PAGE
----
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  • Writer's pictureReuven

A new beginning

What the Rav said:

Every day we start anew. It’s forbidden to think about what happened yesterday.

Yesterday, I didn’t learn, I didn’t pray, I got up at one in the afternoon, I got up at noon, I forgot to put on tefillin yesterday…

Every day is a new creation. It’s like a new reincarnation. Whatever happened yesterday is like what happened to me in a previous lifetime.

Today, I’m going to serve Hashem from scratch. I’ll get up at midnight, I’ll pray in the sunrise minyan, I’ll go to Hevron, and then I’ll learn Gemara and Shulchan Aruch for eight hours.

In doing so, I’ll rectify all the days that came before it.

My thoughts:

We learn from Rabbi Nachman the importance of starting afresh, constantly.

Rabbenu teaches us that every day, we should try to serve Hashem like it’s the first time. New is something exciting and invigorating. If we can serve Hashem like it's the first time, then we'll be excited and invigorated.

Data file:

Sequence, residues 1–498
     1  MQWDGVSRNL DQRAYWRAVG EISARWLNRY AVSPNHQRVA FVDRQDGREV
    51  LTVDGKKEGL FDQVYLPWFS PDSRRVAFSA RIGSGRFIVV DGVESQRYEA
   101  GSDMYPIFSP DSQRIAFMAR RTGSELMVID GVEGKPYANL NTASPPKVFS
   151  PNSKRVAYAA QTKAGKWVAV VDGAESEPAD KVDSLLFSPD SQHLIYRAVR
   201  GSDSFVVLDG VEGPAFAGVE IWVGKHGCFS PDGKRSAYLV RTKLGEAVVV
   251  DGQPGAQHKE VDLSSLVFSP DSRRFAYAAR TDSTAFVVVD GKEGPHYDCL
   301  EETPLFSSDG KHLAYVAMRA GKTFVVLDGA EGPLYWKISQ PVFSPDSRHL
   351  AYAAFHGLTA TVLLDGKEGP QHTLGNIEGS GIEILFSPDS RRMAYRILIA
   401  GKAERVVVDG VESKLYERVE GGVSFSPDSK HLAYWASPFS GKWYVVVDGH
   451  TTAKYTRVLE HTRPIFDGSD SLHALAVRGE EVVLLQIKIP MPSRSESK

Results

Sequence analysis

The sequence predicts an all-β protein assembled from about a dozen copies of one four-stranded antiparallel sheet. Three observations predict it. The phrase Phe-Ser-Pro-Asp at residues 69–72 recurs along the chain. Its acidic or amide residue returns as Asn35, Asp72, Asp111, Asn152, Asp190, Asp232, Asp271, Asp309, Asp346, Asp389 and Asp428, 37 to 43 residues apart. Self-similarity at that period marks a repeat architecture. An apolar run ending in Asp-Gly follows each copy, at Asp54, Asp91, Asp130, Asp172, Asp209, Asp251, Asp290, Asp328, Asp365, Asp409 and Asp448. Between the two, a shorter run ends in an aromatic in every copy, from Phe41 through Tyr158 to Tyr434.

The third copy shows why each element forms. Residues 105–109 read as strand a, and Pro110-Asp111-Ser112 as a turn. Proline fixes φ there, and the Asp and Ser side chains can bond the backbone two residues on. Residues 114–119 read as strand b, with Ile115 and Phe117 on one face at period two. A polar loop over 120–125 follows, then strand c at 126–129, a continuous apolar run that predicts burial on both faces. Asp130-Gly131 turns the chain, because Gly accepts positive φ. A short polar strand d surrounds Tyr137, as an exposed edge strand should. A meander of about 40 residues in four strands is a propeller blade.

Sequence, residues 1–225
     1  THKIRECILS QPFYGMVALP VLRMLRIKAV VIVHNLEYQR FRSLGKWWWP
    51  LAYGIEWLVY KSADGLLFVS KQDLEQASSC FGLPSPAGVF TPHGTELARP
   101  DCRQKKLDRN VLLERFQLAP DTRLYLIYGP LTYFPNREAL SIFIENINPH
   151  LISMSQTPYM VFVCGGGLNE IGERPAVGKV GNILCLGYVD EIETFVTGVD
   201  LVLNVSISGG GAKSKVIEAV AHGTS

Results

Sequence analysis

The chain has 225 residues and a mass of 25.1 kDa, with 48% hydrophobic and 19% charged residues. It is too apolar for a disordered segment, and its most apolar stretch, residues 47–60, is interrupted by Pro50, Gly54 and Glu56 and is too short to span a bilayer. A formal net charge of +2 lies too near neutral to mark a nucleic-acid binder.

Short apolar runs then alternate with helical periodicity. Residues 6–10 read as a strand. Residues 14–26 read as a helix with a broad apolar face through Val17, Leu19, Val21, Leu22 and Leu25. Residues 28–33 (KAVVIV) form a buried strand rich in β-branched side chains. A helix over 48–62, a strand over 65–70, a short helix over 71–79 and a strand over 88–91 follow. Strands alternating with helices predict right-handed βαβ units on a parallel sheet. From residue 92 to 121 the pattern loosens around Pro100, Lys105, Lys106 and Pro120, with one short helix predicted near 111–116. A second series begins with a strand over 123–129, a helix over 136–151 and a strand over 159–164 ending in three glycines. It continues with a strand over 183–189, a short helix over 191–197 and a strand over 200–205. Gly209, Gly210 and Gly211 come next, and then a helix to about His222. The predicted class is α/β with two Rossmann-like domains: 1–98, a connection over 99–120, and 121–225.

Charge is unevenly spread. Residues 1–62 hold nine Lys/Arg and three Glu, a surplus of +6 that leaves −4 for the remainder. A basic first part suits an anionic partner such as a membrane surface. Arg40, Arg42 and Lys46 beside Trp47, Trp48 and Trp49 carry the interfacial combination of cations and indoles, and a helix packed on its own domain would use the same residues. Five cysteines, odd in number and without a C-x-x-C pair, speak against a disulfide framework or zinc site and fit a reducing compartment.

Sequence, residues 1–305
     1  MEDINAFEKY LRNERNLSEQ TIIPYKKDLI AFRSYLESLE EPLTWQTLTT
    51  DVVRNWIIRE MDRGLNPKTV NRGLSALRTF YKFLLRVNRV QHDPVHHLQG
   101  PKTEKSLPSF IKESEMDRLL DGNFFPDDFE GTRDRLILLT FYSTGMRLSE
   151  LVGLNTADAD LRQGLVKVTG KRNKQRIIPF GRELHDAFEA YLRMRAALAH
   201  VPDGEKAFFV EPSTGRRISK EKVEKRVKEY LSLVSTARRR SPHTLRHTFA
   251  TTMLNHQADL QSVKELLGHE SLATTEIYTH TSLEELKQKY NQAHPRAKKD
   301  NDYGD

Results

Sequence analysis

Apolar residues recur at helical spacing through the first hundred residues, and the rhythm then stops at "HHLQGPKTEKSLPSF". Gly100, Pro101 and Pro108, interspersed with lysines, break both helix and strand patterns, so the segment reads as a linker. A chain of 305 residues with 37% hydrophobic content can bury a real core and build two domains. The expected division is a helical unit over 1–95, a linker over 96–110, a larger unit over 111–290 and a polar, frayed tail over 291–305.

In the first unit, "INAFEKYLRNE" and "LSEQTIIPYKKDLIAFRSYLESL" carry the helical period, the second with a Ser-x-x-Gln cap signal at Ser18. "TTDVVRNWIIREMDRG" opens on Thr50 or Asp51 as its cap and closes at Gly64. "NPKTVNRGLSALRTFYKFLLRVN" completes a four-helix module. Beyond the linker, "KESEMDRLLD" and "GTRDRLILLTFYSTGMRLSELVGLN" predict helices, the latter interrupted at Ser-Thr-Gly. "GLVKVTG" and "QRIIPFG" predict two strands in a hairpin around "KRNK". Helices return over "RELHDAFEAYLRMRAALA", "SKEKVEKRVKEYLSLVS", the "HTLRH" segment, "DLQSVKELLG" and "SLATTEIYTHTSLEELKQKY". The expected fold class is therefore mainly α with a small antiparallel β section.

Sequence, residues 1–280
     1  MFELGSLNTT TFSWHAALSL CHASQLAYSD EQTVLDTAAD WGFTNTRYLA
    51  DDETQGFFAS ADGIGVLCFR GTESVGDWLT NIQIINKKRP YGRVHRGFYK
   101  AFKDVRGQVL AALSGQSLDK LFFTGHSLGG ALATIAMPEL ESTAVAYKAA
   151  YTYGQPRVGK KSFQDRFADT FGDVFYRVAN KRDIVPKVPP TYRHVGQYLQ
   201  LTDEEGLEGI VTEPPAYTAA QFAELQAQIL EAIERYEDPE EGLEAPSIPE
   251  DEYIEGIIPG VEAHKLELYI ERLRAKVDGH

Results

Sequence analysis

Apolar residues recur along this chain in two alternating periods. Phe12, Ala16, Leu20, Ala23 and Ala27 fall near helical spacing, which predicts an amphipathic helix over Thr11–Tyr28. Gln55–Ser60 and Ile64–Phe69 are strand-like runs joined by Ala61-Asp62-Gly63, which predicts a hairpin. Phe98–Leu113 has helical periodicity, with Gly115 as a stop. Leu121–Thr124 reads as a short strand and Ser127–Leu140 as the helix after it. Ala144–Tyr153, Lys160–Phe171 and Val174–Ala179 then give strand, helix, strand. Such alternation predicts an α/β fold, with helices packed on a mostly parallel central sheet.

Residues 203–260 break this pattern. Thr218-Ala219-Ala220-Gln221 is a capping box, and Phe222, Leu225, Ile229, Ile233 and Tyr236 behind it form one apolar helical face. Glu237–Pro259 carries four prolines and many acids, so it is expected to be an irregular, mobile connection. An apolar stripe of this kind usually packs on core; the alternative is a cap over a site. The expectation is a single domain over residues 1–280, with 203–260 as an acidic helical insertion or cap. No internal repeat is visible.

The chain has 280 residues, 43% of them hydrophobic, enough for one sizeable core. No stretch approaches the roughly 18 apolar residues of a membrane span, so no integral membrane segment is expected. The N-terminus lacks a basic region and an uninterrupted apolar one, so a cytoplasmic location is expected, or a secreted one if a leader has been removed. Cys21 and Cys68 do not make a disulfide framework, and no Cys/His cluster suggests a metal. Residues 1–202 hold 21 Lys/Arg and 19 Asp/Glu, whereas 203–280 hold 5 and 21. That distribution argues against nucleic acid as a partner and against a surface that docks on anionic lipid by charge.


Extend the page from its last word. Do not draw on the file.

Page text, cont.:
The Rav here is also telling us some cool secrets about how to achieve this.

First, we have to completely forget about ‘how bad’ yesterday was. The yetzer hara loves to remind us about our failures, it’s one of his favourite ways to keep us far away from Hashem.

So, we need to completely forget about what happened yesterday – as if it happened in a previous lifetime. It's not for dwelling on (take it to your hisbodedut, make teshuva, finished).

Next, we need to know – and I think this is a big chiddush – that it doesn’t matter how bad I was yesterday, if I fix it today, then - it actually fixes everything! Including all the previous times when I didn’t manage to achieve this!


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